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You need to find a specialist. This is a very special clock, $$$, and requires someone very knowledgable of Atmos clocks. Do not let just anybody touch it. "just cleaning" and "a lube" is a very delicate and demanding job that requires an expert, a professional. I am a professional watchmaker, make my living doing so. Find an Atmos clockmaker near you and by the way, learn how to secure the clock before you move it or you may do more damage. Good luck
The three small dials on this watch are all part of a "stopwatch" system. The small dial at the 12 o'clock is for tenths of a second( each half circle completed is one second or 1 whole rotation equals 2 seconds.) the small dial at the 6 o'clock counts a full 60 seconds for each revolution, and the dial at the 9 o'clock counts minutes(one full circle equaling an hour.) when the stop watch is started the 12 o'clock and 6 o'clock dials will start at the same time. you will notice that every half turn on the top dial equals one "tick" on the bottom dial. After the first minute of timing the top dial will stop ticking as it is for more precise timing of things that take less than 1 minute. each full rotation of the bottom dial will then equate to one "tick" of the 9 o'clock dial. hence the three dials counting tenths of a second, seconds and minutes. the setting of these dials is fairly easy once you understand the purpose. on the side of the watch there are two buttons(one top and one bottom) with a setting wheel in the center. When in use the top button starts and stops the stopwatch and the bottom button resets the counters. To set the watch simply pull the center wheel away from the watch all the way(2 clicks) set your minute hand and hour hand and then tap the bottom button repeatedly until the small dials all line up straight up. once that is done push the center wheel button halfway into the watch or one click to set the date. then simply push the wheel the rest of the way in and voila!!! hope this answers some questions
You can not unwind the clock yourself, because this requires proper clock makers tools and skills as well. Clock is stopping because it has not been serviced for a long time and the oil in clock has collected dust particles and getting sticky. This does not let the spring unwind freely and is a problem for all cogs and moving parts. Find your nearest clock repair shgop and ask for cleaning, oiling and adjusting. BE AWARE: If you are gonna try to unwind it yourself, you will damage the clock's movement, but most important - you can even brake or loose your fingers, as the clock spring is under unbelievable tension and once released, it uncoils lightning fast and is sharp as a razor.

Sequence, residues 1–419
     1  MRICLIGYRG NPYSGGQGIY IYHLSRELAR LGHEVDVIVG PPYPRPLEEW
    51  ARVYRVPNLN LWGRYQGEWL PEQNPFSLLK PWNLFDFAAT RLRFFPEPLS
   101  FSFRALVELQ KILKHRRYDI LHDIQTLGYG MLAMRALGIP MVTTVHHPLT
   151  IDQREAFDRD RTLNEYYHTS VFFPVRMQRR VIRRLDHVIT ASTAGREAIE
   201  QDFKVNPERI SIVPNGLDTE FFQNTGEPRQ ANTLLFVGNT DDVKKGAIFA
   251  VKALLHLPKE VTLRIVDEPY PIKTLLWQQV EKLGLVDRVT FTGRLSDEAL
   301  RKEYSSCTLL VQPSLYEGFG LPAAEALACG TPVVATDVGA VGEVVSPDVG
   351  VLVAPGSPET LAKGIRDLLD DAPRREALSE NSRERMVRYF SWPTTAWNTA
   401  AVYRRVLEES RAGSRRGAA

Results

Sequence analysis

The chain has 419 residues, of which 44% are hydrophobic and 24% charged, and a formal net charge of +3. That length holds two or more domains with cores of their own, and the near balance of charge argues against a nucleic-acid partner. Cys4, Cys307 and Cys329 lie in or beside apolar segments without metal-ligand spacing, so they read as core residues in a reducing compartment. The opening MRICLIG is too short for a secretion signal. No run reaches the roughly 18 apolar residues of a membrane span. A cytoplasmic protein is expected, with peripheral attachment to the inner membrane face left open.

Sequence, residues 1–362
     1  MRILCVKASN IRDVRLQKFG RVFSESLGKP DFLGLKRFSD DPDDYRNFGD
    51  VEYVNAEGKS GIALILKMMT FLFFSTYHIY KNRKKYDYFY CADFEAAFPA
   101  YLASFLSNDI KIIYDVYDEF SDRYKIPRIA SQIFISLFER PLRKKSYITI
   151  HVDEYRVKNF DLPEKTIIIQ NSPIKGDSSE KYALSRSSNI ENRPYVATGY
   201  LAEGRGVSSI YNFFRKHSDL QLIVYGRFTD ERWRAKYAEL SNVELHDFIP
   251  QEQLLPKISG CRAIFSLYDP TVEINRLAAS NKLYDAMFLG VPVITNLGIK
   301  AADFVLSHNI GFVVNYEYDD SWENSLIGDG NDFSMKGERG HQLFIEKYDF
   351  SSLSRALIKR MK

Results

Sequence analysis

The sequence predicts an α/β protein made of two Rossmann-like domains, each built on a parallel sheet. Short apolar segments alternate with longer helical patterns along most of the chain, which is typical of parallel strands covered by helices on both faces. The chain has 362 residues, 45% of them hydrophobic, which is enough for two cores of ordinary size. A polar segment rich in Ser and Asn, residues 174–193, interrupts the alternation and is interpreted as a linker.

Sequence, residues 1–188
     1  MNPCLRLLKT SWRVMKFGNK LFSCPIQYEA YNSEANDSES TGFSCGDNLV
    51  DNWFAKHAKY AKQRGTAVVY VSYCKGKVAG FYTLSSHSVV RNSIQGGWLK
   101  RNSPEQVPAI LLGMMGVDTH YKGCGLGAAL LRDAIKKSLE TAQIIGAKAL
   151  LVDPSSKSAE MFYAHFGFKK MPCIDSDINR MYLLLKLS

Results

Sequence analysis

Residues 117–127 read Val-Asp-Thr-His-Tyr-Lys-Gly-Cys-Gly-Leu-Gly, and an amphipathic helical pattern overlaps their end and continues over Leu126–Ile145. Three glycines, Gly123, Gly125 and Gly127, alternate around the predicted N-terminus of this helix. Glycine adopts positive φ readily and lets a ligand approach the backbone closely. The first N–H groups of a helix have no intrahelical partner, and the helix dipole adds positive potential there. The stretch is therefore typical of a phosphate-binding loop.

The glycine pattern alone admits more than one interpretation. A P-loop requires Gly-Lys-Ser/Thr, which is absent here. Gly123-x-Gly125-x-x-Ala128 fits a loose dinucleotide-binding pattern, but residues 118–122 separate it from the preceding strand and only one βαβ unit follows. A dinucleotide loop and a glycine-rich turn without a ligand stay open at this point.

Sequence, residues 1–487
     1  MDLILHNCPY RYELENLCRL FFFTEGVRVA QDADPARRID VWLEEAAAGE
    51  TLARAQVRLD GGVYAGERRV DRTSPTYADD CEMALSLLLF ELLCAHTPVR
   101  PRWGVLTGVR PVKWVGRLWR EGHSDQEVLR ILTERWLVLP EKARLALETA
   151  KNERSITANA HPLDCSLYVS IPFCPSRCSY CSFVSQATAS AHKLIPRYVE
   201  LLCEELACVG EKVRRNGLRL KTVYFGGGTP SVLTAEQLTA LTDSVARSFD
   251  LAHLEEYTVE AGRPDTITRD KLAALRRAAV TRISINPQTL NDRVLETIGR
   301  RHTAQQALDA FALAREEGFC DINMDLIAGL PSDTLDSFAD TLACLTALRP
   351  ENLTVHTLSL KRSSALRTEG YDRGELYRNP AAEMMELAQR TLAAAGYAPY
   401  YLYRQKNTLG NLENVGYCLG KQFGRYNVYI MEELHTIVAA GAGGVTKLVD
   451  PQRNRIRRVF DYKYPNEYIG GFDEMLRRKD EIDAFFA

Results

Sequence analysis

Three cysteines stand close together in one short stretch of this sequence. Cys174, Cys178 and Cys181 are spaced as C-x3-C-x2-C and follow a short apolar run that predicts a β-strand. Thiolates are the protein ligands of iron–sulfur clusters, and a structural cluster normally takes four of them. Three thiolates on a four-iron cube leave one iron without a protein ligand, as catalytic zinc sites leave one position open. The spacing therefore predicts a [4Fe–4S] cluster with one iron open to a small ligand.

First you have to wind up your clock using the key supplied. The pendulum suspension spring should start to swing quite fast. Stop it swinging with your fingers and hook up the pendulum. When done, push the pendulum to whatever side and release it to start the swing - the clock should start ticking in normal order. If there is no special bar on the back of clock movement for adjusting hands, then hands must be adjusted from the dial side by moving minute hand clockwise. Move the minute hand with your finger clockwise to the desired time, at the same time do not catch hour hand, as this may end up with the incorrect time displayed.
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Wind the clock until there is a sudden increase in resistance (it is then fully wound). So not apply a great force, as older clocks may be weaker and overloading the spring may break the termination and result in a new spring being required.
If you think it is becoming too stiff, just stop winding and see how long it runs for. I have often heard the term "over winding at clock" but have never quite understood the term. As a retired engineer I think that springs that break because of overenthusiastic winding are probably near the end of their life anyway.
We had the same problem with our wall clock, but it was due to corrosion from a dead battery. The battery acid leaked inside and disrupted the connection between the metal contacting the batteries and the circuit (the one with the copper coil). We took everything out cleaned the contact points with acetone (nail polish remover). After that we had to bend the contact heads up just a little bit so they would contact the circuit again (I guess we bent them down a little when we were cleaning it). It worked just fine after that. I know it sounds intimidating to take apart a clock and put it back together but you're going to throw it out anyway. Just give it a try. It was kinda fun. Think of it as a puzzle. If you can't fix it, I imagine you can get a new motor at any hobby store or Michaels.
If you are sure the hands are not touching as they pass, perhaps the minute hand and hour hand are binding together at the hub. Try this: Gently pull on the minute hand by gripping its hub with the nails of your finger and thumb. It should slide forward a little (or come off). Also the same for the hour hand, to ensure it is not binding on the face of the dial.
I don't know the particular clock, but if it has a SECONDS hand, this is often the one that needs to be freed.
If all the hands are free, all should be good. If it has a seconds hand and the clock stops when this hand is going "uphill", try a fresh battery. If this doesn't fix it, remove the seconds hand and use the clock without it. Or you could try to counterbalance the hand by adding a little weight to the opposite side... this could work, but as it increases the mass of the hand also, it still might be a problem.
Another way might be to shorten the seconds hand..!